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The Actuary The magazine of the Institute & Faculty of Actuaries

New accounting rules could leave pension schemes £100bn worse off

The FTSE 100 could see its combined balance sheet worsen by £100bn as a result of stricter accounting rules for pension schemes and growing pressure to increase contributions.

New accounting rules could impact most companies ©Shutterstock
New accounting rules could impact most companies ©Shutterstock

That is according to a report published today by actuarial consultants Lane Clark and Peacock (LCP), which warns that more than a quarter of FTSE 100 firms could take a £1bn hit.

This would arise if the International Accounting Standards Board (IASB) updates IFRIC 14 rules so that firms are forced to show agreed deficit contributions on balance sheets.

The changes could be put forward for consultation in the coming year after being shelved in 2015, and hit balance sheets by far more than the £13bn recorded last year.

“The new proposals are intended to be more ‘principles based’ to better reflect the reality of the position rather than legal and accounting technicalities,” the report states.

“Depending on what the new rules say, they could affect most or all UK companies, rather than just a handful as at present.”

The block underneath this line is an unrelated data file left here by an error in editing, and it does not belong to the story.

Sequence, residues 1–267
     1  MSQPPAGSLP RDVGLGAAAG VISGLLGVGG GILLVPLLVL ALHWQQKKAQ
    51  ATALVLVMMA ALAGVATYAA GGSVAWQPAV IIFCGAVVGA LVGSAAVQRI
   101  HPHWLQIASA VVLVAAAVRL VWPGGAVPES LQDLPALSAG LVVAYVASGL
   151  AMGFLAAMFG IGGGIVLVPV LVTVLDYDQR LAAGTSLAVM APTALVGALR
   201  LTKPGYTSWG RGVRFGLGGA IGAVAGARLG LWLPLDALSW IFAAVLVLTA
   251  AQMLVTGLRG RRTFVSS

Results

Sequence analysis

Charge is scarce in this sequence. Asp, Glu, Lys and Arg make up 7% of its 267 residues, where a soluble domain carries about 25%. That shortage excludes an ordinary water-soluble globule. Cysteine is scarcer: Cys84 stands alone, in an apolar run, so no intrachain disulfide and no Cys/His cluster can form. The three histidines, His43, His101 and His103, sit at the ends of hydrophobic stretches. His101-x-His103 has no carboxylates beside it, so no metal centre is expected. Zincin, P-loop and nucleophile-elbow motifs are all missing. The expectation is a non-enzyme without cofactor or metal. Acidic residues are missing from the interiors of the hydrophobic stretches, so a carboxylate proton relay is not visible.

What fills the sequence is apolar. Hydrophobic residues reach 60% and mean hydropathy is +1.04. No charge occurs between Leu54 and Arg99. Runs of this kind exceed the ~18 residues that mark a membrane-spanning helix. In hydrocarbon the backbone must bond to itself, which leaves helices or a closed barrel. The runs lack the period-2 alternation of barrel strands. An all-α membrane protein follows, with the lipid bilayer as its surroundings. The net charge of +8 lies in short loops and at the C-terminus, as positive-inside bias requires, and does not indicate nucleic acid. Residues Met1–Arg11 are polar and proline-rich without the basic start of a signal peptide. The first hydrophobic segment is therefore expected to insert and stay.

Pension liabilities reported under the IAS 19 accounting standard are usually less than the more prudent funding liability agreed with trustees to set deficit contributions.

IFRIC 14 rules currently mean that some companies recognise an extra liability on the balance sheet, but this depends on a “legal lottery” based on their pension scheme rules.

Although more firms could be impacted, LPC said that changes to IFRIC 14 remain “a little way off”, giving companies time to put in place strategies to manage the risk.

This could include contingent asset arrangements such as escrow, asset-backed funding, surety bonds and letters of credit to give trustees the security they need.

“Over 10% of FTSE 100 companies with defined benefit pension schemes disclosed they already use these arrangements,” the report states.

"We expect this figure to grow as companies adopt new ways to support their pension commitments in the future.”

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